The CompactFlash Association was formed in 1995 to introduce and promote, you guessed it, CompactFlash cards. Prior to CompactFlash, the PC Card form factor ruled the flash storage market.
CompactFlash leveraged the standard ATA interface found on some hard drives and PCMCIA (or ATA) cards. A standard interface on a flash device is obvious today, but in the early 1990s it was the small minority of the market. Raw memory and linear flash devices dominated the market at the time. Linear flash devices were made with raw NOR or NAND flash components and the host system required a driver with the intelligence to manage all the memory functions, including translation, wear leveling, defect management, etc.
The problem with the host driver was that it needed to be matched with the specific memory components and vendor of the memory in the device. When the next-generation memory came to market, or a different vendor’s memory was used, new host drivers would have to be installed. This was terrible for interoperability, hence the beauty of a standardized interface such as ATA.
The standardized CompactFlash interface allowed one OEM system design to support any vendor’s compliant CompactFlash card and freed OEM designers to focus on their core competencies instead of detailed flash management. Over the past 20 years, the Industrial Grade CompactFlash card has become a mainstay for embedded OEM designs.
Fast forward to 2008, when the CompactFlash Association introduced a CFast card with an identical length and width as a CompactFlash card, but about 10 percent thicker. The CFast has a SATA electrical interface using a custom connector that’s defined in the spec. As with CompactFlash, there are many CFast connector vendors to integrate into an OEM design.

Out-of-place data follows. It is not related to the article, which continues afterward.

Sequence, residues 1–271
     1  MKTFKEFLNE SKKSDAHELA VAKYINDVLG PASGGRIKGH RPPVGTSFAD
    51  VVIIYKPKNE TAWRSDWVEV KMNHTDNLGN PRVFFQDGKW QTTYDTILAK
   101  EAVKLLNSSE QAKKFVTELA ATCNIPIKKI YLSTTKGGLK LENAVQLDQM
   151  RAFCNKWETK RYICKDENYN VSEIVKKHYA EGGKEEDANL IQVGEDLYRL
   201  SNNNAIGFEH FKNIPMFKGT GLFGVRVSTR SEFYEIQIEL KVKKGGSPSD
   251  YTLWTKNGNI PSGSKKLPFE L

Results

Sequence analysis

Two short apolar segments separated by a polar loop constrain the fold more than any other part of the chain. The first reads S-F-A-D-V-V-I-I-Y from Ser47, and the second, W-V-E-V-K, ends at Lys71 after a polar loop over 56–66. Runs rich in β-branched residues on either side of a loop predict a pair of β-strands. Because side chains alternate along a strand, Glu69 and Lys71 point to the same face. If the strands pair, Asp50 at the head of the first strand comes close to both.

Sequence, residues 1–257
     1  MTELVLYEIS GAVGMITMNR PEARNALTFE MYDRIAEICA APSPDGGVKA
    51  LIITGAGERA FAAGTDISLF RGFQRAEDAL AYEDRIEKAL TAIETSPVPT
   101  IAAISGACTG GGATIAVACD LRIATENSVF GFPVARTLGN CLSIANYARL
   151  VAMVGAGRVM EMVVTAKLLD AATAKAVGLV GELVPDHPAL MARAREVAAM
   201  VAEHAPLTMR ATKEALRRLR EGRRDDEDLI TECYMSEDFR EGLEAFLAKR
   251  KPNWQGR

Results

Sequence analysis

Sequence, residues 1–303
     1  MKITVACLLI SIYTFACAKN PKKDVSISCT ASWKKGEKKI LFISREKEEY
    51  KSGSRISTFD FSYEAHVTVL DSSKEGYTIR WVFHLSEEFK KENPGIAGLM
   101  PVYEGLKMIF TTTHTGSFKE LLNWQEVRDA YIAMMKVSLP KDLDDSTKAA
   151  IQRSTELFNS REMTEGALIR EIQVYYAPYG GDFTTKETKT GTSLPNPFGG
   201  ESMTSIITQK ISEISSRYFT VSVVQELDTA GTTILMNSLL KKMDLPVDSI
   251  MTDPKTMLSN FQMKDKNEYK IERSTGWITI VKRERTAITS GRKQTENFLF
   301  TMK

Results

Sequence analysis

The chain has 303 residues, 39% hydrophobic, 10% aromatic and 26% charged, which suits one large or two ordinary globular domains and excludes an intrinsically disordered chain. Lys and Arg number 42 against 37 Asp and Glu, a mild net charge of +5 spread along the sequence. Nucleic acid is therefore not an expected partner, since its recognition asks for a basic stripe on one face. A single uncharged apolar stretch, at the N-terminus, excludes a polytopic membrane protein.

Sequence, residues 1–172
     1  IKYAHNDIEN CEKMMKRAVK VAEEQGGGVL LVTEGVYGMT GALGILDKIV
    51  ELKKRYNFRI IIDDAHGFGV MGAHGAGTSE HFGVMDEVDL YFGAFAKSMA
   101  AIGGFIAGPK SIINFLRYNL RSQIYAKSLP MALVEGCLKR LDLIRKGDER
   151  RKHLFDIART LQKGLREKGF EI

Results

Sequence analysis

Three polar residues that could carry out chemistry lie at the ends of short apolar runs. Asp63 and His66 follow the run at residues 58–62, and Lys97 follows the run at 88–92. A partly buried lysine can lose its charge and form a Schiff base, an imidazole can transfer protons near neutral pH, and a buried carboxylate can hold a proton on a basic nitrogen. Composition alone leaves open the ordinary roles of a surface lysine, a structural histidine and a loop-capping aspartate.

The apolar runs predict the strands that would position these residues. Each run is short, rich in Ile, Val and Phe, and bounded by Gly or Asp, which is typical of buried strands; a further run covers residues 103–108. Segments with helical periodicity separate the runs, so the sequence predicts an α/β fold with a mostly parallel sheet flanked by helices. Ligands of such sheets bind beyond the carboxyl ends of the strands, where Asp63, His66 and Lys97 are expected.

The advantages of CFast are a simple modular design, freedom from host flash management responsibilities, and a faster interface than CompactFlash cards could offer. An OEM can choose to populate the CFast at time of shipment with the capacity their customers need.
As with all flash storage devices used in embedded applications, a designer should be conscious of what’s inside the CFast card they’re using. For most reliable, long-life applications, I recommend an Industrial CFast card based on SLC NAND flash memory. For applications with short life cycles, and low write endurance needs that won’t be subjected to constant extreme operating temperatures, designers may find a Commercial CFast based on MLC to be adequate for their systems. Note that a more detailed view of industrial flash storage was covered in an earlier post, Industrial-grade flash is important to embedded designs.
Steve Larrivee is the Vice President of Sales and Marketing for Cactus Technologies Limited. He has more than 30 years of experience in the data storage market, including 10 with SanDisk and five with Seagate Technology.